Fianna Gael pact overcomes water charge hurdle
Fianna Gael pact overcomes water charge hurdle


Sinn Fein has accused Fianna Fail of acting in coalition with Fine Gael by abstaining in a motion to scrap water charges.

This gave Fine Gael a winning margin to push through the deal reached with Fianna Fail during negotiations to form the new minority government in Dublin.

Under this deal - water charges will be suspended temporarily, to allow for the establishment of an independent commission.

Sinn Fein TD Eoin O’Broin said Fianna Fail has broken its promise to abolish Irish Water.

“They’re supporting the government and they’re supporting this government’s policy, and they are supporting the continuation of Irish Water, despite clear election promises to the contrary,” he said.

“And they’re supporting a motion that leaves the door open to water charges in the future, so Fianna Fail have to explain to their electorate why they promised to abolish Irish Water and water charges before the election and now are siding with the Government on these issues after the election.”

The original motion put forward by Sinn Fein was supported by a large number of Independent TDs and called for the immediate scrapping of Irish Water as well as an end to water charges.

The motion also called for a date to be set “for a referendum to enshrine the public ownership of water services in the Constitution of Ireland.”

AAAPBP TD Richard Boyd Barrett hit out at how Irish Water was set up and at the high salaries paid to some of its top staff

“The issue is do we pay for it fairly, or de we disproportionately impose the burden on the least well off - and that’s what water charges were doing,” he said.

Fianna Fail TD Niall Collins defended the decision not to vote against the abolition of Irish Water, saying his party plans to support future legislation to abolish water charges.

“We’ve played a progressive part in this, unlike other political parties, and what we saw in the Dail, spearheaded by Sinn Fein, the Anti-Austerity Alliance and indeed the People Before Profit was just simply petty politics.”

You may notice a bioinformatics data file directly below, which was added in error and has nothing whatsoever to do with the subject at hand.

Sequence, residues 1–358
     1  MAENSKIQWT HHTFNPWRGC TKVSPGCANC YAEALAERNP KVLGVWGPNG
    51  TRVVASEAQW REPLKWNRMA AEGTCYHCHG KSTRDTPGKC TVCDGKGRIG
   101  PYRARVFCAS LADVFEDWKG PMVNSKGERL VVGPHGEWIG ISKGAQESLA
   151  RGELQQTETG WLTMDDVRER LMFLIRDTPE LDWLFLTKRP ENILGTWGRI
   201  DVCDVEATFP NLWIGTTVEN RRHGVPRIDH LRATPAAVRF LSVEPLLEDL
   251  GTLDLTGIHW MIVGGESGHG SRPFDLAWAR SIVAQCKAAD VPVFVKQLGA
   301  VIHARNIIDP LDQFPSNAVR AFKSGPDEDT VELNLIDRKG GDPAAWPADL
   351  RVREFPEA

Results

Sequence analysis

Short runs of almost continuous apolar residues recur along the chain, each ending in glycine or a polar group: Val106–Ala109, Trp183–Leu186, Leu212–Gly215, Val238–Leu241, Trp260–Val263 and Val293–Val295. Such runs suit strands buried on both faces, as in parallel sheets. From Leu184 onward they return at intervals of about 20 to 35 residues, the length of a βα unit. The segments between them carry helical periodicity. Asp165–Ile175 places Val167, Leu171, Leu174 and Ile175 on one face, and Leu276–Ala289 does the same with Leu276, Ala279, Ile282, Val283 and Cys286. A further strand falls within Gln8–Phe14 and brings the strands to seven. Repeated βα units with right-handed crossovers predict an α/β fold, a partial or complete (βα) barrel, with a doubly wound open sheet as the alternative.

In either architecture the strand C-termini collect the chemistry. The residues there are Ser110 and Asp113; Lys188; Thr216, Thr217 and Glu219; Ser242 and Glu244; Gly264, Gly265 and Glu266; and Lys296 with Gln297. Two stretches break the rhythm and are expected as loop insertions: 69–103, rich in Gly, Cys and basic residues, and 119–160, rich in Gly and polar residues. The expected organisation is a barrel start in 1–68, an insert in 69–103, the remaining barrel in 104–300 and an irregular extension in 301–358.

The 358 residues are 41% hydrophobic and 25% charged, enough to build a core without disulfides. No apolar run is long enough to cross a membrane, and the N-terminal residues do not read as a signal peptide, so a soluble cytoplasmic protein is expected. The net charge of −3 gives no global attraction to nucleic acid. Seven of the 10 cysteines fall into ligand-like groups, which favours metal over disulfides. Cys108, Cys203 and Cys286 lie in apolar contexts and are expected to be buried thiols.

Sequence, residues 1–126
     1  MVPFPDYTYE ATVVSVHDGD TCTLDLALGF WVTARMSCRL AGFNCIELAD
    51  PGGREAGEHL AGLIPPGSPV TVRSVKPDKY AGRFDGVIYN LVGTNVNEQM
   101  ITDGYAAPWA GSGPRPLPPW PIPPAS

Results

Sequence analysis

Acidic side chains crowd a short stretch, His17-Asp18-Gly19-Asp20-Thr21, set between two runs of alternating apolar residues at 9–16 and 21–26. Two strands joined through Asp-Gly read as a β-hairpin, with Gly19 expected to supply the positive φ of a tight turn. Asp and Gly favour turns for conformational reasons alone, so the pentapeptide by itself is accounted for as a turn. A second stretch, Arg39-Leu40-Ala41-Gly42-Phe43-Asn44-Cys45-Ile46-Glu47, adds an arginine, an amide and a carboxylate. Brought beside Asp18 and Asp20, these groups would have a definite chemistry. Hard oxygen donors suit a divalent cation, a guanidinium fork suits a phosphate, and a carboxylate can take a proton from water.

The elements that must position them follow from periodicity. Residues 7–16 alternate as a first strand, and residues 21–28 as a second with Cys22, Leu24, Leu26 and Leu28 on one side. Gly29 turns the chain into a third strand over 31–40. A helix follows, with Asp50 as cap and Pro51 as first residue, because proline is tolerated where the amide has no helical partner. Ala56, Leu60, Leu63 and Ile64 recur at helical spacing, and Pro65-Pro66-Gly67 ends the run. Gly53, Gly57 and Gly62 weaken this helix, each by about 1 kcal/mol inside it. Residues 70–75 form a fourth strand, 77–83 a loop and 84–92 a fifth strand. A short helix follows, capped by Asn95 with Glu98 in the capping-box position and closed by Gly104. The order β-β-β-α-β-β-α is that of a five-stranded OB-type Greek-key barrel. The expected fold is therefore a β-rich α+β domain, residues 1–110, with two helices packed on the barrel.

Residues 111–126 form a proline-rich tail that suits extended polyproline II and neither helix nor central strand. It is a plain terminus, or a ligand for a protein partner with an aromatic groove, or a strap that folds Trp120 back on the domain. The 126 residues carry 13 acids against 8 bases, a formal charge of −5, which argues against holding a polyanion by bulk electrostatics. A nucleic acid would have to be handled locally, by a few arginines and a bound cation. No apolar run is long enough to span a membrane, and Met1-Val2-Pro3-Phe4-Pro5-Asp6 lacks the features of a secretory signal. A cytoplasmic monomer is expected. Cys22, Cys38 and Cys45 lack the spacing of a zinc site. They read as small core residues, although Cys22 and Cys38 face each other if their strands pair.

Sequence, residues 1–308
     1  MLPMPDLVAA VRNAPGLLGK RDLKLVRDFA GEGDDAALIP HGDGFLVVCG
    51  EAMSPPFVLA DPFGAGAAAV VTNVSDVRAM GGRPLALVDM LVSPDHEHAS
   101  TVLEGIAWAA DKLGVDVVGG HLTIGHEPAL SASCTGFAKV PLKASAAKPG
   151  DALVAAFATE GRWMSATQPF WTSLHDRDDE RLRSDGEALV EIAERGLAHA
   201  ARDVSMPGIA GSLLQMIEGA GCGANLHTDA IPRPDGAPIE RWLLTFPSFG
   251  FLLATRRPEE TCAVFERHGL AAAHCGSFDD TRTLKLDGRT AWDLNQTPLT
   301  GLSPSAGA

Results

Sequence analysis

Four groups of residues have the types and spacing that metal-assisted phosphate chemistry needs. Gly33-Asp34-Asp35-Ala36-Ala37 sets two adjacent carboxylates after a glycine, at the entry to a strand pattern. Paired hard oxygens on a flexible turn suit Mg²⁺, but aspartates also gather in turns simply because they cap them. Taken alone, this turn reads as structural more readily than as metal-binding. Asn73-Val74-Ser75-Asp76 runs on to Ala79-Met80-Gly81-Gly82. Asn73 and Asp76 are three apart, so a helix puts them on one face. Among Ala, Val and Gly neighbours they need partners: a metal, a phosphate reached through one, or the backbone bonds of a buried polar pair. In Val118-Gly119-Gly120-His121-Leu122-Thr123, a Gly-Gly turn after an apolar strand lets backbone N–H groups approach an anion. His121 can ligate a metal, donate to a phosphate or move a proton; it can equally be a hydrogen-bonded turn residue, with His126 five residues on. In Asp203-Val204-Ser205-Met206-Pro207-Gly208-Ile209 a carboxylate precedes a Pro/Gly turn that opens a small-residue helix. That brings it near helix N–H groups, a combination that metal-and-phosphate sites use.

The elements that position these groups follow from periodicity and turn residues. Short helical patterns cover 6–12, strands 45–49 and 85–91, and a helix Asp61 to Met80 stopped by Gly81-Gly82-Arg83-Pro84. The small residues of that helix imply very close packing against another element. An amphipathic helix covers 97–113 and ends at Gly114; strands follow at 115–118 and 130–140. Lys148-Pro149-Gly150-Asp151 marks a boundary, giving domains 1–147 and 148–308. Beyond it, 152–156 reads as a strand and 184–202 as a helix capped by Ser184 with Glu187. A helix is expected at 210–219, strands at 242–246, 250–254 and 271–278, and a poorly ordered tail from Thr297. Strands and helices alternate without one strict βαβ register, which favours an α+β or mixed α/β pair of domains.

Independent Waterford TD John Halligan, now a minister of state in the new government, voted with the government on the motion, but only after a negotiation with Fine Gael’s Simon Coveney, the Minister for Housing, Planning and Local Government. He had initially indicated he would support the Sinn Fein motion on the issue, before he realised that voting against the government would effectively have meant he would lose his job as a minister.

Meanwhile, another Independent TD on whom Enda Kenny’s government depends has warned he may not support the new administration on crucial votes.

Clare TD Dr Michael Harty has insisted he will approach any future votes on a strictly “case-by-case” basis. Dr Harty is one of eight Independent TDs who is voted for Mr Kenny, denied his support for the government had been withdrawn.

The practicising doctor, who was not appointed as a junior minister, insisted he is a “wholly Independent TD” despite pledging to back Mr Kenny in crucial votes.

A Fianna Fail official admitted that Dr Harty’s decision leaves the government in a “very tenuous” position.

“Our aim is not to pull it down unless we are adamantly against something, but if he loses another vote things will become very volatile and Kenny will have to watch every vote,” they said.

The new Labour party leader Brendan Howlin has said the new government may not survive more than a few months and will not last for more than a year: “It is intrinsically unstable. Any significant issue will knock it over because it does not have the support of the Dail or the public.”

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